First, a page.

Statement from NYC Comptroller Stringer on EpiPen-Maker Mylan’s Shareowner Meeting
June 22, 2017
(New York, NY) — Today during its annual shareowner meeting, EpiPen-maker Mylan NV (NYSE: MYL) refused to disclose voting results on the company’s board of directors election and a “say-on-pay” proposal. Instead, the company merely announced that that all director nominees were elected and that “say-on-pay” was rejected by shareowners.
Under Mylan’s obscure voting requirement, a supermajority is required to remove a director. That means nominees could have been “elected” with as little as 34% of votes cast. That Mylan refused to announce the vote totals could signal that investors have lost confidence in Mylan’s board, despite their re-election under these obscure rules.
The company’s failure to disclose the results comes after six directors faced a “vote no” campaign by an $800 billion coalition of institutional shareowners led by New York City Comptroller Scott M. Stringer on behalf of the New York City Pension Funds. Other coalition members include New York State Comptroller Thomas P. DiNapoli and the California State Teachers’ Retirement System (CalSTRS). In its May 30 letter to Mylan shareowners, the investor group made the case that the time had come to hold Mylan’s board accountable for its costly record of compensation, risk, and compliance failures.
In light of the board awarding Chairman and former CEO Robert Coury roughly $100 million in 2016 despite a massive public relations debacle, poor stock performance, and allegedly overcharging the government for life-saving products, the group also urged shareowners to vote against Mylan’s executive compensation plan – known as the “say-on-pay” proposal. In a major victory, Mylan announced that shareowners rejected this proposal.
In response to Mylan’s refusal to release the vote totals, Comptroller Stringer released the following statement:
“Mylan’s silence speaks volumes. By failing to disclose the voting results during today’s shareowner meeting, Mylan’s board telegraphed that directors faced strong opposition. With its costly record of oversight failures and public relations debacles, this hardly comes as a surprise. This company massively hiked prices on life-saving drugs, allegedly overcharged the government for its products, and allowed excessive executive pay to go unchecked — all ultimately fundamental failures of board oversight. It’s not just investors who were harmed as a result — everyday consumers and American taxpayers also suffered.
“It’s clear why shareowners rejected the company’s excessive pay package and are calling to overhaul the board. It’s simply untenable for directors who received substantial opposition to remain in the boardroom. Doing so would further erode confidence in this company from investors and the public alike while harming the directors’ reputations. It’s time for real change and real accountability.”
Comptroller Stringer serves as the investment advisor to, and custodian and a trustee of, the New York City Pension Funds. The New York City Pension Funds are composed of the New York City Employees’ Retirement System, Teachers’ Retirement System, New York City Police Pension Fund, New York City Fire Department Pension Fund and the Board of Education Retirement System.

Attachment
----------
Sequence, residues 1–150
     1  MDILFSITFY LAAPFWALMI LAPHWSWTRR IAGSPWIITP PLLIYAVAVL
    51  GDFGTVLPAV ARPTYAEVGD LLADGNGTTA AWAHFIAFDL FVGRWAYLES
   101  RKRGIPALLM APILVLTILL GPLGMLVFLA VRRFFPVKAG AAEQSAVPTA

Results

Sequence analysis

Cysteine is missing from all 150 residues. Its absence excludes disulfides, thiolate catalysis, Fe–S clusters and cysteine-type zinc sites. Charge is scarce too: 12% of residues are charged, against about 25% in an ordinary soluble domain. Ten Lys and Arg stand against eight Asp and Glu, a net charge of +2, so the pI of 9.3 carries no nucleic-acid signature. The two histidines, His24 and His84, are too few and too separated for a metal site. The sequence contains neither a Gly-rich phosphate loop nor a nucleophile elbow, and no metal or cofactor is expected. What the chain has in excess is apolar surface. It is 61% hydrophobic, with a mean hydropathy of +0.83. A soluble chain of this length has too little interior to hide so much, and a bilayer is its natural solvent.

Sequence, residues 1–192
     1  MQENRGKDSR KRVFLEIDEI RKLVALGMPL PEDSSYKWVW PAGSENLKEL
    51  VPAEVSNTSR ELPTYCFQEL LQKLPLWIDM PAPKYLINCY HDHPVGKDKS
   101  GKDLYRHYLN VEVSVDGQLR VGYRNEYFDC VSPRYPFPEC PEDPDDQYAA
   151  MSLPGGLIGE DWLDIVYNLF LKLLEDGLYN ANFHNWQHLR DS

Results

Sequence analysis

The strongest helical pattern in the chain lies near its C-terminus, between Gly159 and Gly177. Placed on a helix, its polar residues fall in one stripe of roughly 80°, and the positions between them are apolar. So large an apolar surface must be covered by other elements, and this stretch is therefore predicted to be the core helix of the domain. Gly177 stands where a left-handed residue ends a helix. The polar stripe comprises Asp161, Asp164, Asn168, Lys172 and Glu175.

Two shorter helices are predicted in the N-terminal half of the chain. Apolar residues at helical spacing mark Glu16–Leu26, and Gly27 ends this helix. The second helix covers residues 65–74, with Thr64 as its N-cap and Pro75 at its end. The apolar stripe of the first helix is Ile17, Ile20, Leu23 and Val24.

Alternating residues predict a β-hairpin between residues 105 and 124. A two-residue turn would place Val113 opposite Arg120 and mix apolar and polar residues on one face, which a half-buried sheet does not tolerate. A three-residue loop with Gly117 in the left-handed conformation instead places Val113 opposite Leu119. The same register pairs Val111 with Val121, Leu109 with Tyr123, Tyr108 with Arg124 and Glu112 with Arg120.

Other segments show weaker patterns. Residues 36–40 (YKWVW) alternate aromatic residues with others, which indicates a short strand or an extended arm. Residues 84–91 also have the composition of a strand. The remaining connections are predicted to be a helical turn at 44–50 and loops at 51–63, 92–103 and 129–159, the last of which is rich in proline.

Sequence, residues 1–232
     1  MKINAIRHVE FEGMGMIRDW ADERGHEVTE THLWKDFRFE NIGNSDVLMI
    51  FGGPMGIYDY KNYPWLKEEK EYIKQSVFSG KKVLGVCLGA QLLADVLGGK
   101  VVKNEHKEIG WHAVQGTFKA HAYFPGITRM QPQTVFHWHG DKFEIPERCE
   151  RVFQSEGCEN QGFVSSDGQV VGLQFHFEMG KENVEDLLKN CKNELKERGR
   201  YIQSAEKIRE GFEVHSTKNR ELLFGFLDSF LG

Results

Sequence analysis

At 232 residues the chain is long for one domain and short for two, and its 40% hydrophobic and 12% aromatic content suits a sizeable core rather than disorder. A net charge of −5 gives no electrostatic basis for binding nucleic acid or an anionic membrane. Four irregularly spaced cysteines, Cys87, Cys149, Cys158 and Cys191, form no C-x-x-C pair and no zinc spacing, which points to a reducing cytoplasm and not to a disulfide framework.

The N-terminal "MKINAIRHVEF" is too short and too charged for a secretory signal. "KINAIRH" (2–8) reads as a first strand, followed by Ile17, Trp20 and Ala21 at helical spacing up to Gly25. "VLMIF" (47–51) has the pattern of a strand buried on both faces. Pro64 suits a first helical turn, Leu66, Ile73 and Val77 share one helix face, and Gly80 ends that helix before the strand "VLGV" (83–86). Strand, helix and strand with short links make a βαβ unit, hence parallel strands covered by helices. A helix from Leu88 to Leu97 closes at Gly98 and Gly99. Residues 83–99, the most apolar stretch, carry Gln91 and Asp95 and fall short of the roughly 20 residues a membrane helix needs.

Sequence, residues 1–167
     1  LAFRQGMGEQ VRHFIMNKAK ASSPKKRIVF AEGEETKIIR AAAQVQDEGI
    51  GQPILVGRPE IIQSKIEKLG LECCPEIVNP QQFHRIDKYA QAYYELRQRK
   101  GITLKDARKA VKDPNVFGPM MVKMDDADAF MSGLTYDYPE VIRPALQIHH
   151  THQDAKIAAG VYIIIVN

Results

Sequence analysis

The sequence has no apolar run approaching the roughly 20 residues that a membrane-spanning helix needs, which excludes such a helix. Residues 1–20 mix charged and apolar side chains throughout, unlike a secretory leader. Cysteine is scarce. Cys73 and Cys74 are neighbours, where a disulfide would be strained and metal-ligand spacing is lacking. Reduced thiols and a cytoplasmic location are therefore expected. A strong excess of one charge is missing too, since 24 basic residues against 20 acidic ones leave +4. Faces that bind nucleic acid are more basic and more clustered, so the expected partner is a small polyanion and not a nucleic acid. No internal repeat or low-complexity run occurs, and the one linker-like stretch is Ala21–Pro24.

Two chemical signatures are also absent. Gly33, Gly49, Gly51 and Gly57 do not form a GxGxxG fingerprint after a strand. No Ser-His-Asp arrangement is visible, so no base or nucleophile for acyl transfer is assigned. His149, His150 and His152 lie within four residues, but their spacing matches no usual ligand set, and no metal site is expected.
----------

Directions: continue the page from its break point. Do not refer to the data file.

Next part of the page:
In addition to Comptroller Stringer, the New York City Pension Funds’ Trustees are:
New York City Employees’ Retirement System: Mayor Bill de Blasio’s Representative, John Adler (Chair); New York City Public Advocate Letitia James; Borough Presidents: Gale Brewer (Manhattan), Melinda Katz (Queens), Eric Adams (Brooklyn), James Oddo (Staten Island), and Ruben Diaz, Jr. (Bronx); Henry Garrido , Executive Director, District Council 37, AFSCME; John Samuelsen, President Transport Workers Union Local 100; Gregory Floyd, President, International Brotherhood of Teamsters, Local 237.
Teachers’ Retirement System: Mayor Bill de Blasio’s Appointee, John Adler (Chair); Raymond Orlando, representing the Chairperson of the Panel for Educational Policy and Debra Penny, Thomas Brown and David Kazansky, all of the United Federation of Teachers.
New York City Police Pension Fund: Mayor Bill de Blasio’s Representative, John Adler; New York City Finance Commissioner Jacques Jiha; New York City Police Commissioner James P. O’Neill (Chair); Patrick Lynch, Patrolmen’s Benevolent Association; Michael Palladino, Detectives Endowment Association; Edward D. Mullins, Sergeants Benevolent Association; Louis Turco, Lieutenants Benevolent Association; and, Roy T. Richter, Captains Endowment Association.
New York City Fire Department Pension Fund: Mayor Bill de Blasio’s Representative, John Adler; New York City Fire Commissioner Daniel A. Nigro (Chair); New York City Finance Commissioner Jacques Jiha; James Slevin, President, Gerard Fitzgerald, Vice President, Edward Brown, Treasurer, and John Kelly, Brooklyn Representative and Chair, Uniformed Firefighters Association of Greater New York; John Farina, Captains’ Rep.; Paul Ferro, Chiefs’ Rep., and Jack Kielty, Lieutenants’ Rep., Uniformed Fire Officers Association; and, Thomas Phelan, Marine Engineers Association.
Board of Education Retirement System: Schools Chancellor Carmen Fariña; Mayoral: Issac Carmignani, T. Elzora Cleveland, Vanessa Leung, Gary Linnen, Lori Podvesker, Stephanie Soto, Benjamin Shuldiner, Miguelina Zorilla-Aristy; Michael Kraft (Manhattan BP), Debra Dillingham (Queens BP), Geneal Chacon (Bronx BP), April Chapman (Brooklyn BP), and Peter Calandrella (Staten Island BP); and employee members John Maderich of the IUOE Local 891 and Donald Nesbit of District Council 37, Local 372.